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Imagine a warrior’s eyes peering out at you through this Corinthian-style helmet. No doubt that daunting sight often prevented observers from noticing the helmet’s streamlined design or the “Egyptian” shape of its eye-holes that imitated the dark kohl outline used to protect the eyes from harsh glare. After being used in battle, such helmets may […]
Ohara Koson was a master of the kachoga print—images of the natural world, but particularly of birds and flowers. Over his career he produced more than 450 designs of birds. One of Koson’s favorite subjects, the jungle crow was revered in Japanese folklore as a messenger of the gods. Koson’s keen sense of design is […]
African American designer Art Smith frequently used symbols from West African tribal jewelry as elements in his own designs. The solid brass portion of this necklace, for example, resembles jewelry worn by members of the Asante court of Ghana. Smith’s elegant design with its curved forms emphasizes the relationship between body and jewelry.
In the 19th century, the wonders of Colorado’s Rocky Mountains (“America’s Alps”) and the Sierra Nevadas in California were largely known to Americans in the East only through travelers’ accounts and paintings by intrepid artists. Though not the first artist to paint these mountains, Bierstadt’s majestic paintings spurred tourism to the West and helped spark […]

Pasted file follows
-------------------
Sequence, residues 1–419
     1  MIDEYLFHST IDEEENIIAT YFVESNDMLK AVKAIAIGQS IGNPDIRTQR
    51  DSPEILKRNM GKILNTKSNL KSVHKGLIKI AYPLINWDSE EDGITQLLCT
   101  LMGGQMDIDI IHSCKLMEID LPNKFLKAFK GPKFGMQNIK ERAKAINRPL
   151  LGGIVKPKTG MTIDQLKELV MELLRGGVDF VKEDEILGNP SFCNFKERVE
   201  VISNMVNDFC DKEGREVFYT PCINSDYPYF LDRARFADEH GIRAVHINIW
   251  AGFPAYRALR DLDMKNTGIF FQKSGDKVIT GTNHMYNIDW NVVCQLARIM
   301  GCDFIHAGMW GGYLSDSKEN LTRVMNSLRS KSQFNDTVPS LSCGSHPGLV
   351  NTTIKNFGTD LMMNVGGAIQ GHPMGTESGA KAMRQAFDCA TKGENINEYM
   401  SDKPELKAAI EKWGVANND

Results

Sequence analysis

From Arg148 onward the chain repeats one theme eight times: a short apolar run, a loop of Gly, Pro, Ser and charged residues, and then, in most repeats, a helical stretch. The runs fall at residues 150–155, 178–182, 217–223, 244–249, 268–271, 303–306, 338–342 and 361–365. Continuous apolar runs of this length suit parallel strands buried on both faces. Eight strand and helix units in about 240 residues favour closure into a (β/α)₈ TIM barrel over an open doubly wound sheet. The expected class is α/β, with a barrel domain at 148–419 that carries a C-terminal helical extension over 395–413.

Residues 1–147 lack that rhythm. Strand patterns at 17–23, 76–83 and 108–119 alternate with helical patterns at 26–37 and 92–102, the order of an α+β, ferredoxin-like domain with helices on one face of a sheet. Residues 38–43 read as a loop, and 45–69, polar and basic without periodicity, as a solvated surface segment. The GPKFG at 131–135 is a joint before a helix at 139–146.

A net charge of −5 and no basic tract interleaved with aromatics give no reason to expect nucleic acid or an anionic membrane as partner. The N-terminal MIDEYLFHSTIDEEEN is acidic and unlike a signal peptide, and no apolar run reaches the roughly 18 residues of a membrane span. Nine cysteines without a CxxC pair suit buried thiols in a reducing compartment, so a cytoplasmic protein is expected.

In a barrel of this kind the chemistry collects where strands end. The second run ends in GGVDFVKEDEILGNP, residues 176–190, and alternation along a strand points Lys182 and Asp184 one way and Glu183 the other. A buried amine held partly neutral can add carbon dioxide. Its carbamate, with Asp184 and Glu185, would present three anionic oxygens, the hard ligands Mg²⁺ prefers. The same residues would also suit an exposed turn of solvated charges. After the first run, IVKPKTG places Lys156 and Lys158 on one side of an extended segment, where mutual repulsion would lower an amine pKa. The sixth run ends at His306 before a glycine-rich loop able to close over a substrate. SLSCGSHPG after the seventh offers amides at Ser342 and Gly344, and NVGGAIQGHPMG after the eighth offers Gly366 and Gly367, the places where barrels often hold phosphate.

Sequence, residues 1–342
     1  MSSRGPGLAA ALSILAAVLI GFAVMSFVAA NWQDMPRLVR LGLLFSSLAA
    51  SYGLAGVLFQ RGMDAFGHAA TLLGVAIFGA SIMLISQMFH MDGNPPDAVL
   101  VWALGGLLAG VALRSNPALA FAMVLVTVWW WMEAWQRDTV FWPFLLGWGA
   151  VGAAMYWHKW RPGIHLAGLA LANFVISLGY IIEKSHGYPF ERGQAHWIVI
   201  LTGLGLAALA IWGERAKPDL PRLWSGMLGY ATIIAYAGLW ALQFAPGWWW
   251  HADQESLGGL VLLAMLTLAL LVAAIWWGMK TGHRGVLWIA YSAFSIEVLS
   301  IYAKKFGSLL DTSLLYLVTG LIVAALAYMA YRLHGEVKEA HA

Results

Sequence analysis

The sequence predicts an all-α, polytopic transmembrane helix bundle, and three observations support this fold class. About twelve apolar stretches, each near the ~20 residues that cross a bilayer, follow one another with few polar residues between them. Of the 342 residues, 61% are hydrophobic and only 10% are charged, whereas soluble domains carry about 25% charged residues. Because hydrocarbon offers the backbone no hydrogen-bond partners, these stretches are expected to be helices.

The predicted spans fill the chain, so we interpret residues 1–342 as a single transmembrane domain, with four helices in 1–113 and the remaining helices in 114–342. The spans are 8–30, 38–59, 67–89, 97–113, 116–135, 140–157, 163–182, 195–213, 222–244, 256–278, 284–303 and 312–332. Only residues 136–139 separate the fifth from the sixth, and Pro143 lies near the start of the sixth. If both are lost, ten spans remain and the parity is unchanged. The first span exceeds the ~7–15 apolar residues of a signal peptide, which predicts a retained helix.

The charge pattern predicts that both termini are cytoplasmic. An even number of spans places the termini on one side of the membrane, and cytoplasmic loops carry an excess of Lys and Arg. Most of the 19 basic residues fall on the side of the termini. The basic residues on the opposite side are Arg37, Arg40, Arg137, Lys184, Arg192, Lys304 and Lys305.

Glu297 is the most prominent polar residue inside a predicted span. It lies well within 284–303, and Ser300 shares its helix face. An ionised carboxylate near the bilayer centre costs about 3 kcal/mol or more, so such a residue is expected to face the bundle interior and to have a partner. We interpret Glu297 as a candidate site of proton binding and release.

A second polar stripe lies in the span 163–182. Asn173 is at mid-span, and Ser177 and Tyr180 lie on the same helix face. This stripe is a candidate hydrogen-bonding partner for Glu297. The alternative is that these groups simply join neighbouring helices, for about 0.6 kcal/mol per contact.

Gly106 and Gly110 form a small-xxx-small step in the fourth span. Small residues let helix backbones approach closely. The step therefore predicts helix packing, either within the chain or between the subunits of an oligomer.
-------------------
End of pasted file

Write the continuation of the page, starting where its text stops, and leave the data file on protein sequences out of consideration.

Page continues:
Radio Light uses a specially designed radio transmitter to light the sculpture. The looping tubes of colored glass are filled with mercury and argon gas. The glass is placed on antenna plates that are connected to the radio transmitter by wires. Both the radio and glass need to be tuned to achieve the maximum frequency of […]
Of the “found art” elements of her sculpture, Louise Nevelson said, “I began to see things, almost anything along the street as art…That’s why I pick up old wood that had a life, that cars have gone over and the nails have been crushed…All [my] objects are retranslated—that’s the magic.” See how many “retranslated” discarded […]
Evening is one of five paintings commissioned from Claude-Joseph Vernet by Ralph Howard, later 1st Viscount Wicklow of Dublin, while he was on the Grand Tour of Europe in 1751–52. It is one of a set of four idealized marine paintings depicting different times of day, a favorite theme of Vernet’s.
For more than a decade beginning in 1891, William Merritt Chase ran a school in Shinnecock Hills on the shore of eastern Long Island for the instruction of painting out-of-doors. Here Chase has included his wife and two daughters in a vista of the brilliantly illuminated coast, with the shimmering sea in the distance.
Dr. John T. Biggers was a gifted, narrative artist widely acclaimed for his complex, symbolic compositions based on African American and African cultural themes. Featured in an exhibition curated by University of Toledo students, this brightly colored print uses West African symbolism to play on the metaphor of four African American women who, almost literally, […]
In honor of Mother’s Day, we highlight this portrait of 30-year-old Mrs. Mary Cholmondeley (pronounced in the British style as “Chumley”) and her young, adoring son—one of five children she would have with the prominent Reverend Robert Cholmondeley. Though born into a humble Irish family, Mary commanded social attention in London, where it was said […]